The Simple Way To Thicken Up Runny Donut Glaze

Whether you swear by Krispy Kreme or tried-and-true Dunkin' Donuts, most donut lovers can agree: The key to any glazed donut is, of course, its glaze. An ideal glaze comes perfectly sweet and is thick enough to settle and harden around your favorite fried pastry. If you're making your own glazed donuts, however, that well-balanced consistency is not always a guarantee. Sometimes, a homemade glaze winds up far too thin and runny for your donut. To combat this texture, all you have to do is incorporate a little bit more of one-star ingredient. Namely, powdered sugar is the key to thickening any donut glaze.

The reason powdered sugar works wonders on a glaze's texture is that most glazes predominantly consist of that sugar to begin with. Different glazes may utilize different measurements, but the powdered sweetener sits at the center of most recipes. Powdered sugar works especially well in glazes because it doesn't require any heat to dissolve. It's therefore easy to incorporate into a smooth coating without any lingering graininess.

So, to revive your next glaze and get its texture back on track, add more powdered sugar as you go. Even if you've already whisked together your glaze, you can still alter its thickness. Just remember: A little sugar goes a long way.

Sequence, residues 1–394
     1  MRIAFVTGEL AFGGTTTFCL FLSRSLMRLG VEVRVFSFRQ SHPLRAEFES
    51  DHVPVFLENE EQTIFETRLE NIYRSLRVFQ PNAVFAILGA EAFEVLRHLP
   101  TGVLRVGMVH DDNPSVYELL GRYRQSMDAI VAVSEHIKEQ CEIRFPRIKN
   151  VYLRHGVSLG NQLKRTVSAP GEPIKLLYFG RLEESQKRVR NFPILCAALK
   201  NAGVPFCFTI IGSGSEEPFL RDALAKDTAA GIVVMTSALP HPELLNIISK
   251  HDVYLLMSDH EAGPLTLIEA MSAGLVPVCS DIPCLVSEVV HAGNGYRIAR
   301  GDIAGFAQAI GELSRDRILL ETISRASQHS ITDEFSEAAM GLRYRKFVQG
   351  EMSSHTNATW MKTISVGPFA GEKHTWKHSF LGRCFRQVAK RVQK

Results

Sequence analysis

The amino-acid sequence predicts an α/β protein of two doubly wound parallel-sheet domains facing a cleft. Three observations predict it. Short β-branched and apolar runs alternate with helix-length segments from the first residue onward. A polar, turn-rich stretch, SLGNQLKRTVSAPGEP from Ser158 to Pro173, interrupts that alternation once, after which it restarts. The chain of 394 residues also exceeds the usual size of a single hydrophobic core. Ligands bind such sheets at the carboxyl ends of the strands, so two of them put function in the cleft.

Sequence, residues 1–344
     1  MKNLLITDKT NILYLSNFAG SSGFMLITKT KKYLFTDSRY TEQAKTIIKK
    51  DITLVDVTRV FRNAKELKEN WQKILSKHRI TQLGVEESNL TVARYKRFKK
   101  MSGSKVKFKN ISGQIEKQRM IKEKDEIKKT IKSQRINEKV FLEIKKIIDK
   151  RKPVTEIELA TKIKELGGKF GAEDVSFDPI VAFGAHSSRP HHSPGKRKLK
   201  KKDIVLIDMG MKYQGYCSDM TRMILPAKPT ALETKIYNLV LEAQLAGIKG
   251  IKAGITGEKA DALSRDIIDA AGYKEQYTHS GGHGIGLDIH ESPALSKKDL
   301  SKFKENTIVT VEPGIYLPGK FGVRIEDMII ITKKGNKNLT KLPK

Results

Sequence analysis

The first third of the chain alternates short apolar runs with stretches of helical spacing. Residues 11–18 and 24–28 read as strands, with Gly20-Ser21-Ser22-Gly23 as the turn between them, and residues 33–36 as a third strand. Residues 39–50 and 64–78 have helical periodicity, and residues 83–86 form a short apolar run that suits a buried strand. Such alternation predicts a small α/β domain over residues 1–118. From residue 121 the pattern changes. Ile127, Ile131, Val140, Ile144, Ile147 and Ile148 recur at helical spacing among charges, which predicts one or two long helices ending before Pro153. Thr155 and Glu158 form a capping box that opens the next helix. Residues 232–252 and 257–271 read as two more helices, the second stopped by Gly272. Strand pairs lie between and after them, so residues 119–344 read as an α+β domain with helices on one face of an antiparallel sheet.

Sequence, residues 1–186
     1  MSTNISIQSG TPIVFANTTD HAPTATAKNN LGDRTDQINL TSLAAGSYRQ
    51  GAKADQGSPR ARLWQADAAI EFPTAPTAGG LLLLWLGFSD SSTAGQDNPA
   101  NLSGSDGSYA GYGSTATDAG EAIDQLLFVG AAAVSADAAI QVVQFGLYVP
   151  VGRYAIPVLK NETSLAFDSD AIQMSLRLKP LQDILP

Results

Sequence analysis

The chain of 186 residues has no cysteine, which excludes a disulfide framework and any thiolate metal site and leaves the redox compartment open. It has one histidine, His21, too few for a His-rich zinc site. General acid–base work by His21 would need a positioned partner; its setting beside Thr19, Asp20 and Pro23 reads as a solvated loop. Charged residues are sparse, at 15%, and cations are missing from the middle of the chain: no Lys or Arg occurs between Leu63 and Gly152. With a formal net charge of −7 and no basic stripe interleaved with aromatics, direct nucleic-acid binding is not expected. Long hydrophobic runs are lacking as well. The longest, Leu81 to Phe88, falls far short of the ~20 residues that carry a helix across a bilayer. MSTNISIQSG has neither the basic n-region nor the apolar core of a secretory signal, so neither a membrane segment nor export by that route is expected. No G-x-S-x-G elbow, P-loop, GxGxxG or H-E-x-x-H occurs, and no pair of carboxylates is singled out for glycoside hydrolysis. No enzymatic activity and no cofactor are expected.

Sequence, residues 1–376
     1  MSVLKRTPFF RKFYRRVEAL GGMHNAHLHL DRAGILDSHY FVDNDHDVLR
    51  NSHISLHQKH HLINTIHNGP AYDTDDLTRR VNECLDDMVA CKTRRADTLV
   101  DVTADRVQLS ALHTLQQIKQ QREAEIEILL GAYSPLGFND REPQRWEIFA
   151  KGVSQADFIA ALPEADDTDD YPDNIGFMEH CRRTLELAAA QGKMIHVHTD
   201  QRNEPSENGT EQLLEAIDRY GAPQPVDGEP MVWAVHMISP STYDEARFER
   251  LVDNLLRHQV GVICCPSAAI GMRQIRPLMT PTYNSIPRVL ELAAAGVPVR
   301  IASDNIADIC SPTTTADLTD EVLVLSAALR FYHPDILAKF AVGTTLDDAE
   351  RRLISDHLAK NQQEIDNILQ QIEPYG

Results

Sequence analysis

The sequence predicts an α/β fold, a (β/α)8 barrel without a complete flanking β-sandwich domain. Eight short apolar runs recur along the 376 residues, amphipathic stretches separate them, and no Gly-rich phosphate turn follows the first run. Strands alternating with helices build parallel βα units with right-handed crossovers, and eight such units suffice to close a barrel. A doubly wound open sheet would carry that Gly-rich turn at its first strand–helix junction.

A spoonful of (powdered) sugar helps the glaze go down

A glaze can make or break a donut, but — luckily for home bakers — making that glaze is as simple as combining powdered sugar, vanilla, and milk. Those three ingredients are all you need for the most basic of toppings, so it's easy to adapt your glaze at the 11th hour. After all, the beauty of the donut variation is in its simplicity; if the texture isn't to your liking, simply revive it with sugar in gradual increments. Don't heap in the sweetener all once but whisk in spoonful after spoonful — until your glaze is thick enough to dip. 

As for exact measurements, you'll want to combine roughly 2 cups of powdered sugar with about a quarter cup of milk and just a teaspoon of vanilla. Some recipes alter these numbers or even incorporate other ingredients. For example, lemon zest adds a burst of acidity that brightens a denser glaze. You can also swap out milk for cream or half and half. 

Once you've mixed your glaze to your desired thickness, you can then dip your donuts in the topping. Just make sure to give the glaze enough time to harden before you take a bite. Thank you, powdered sugar.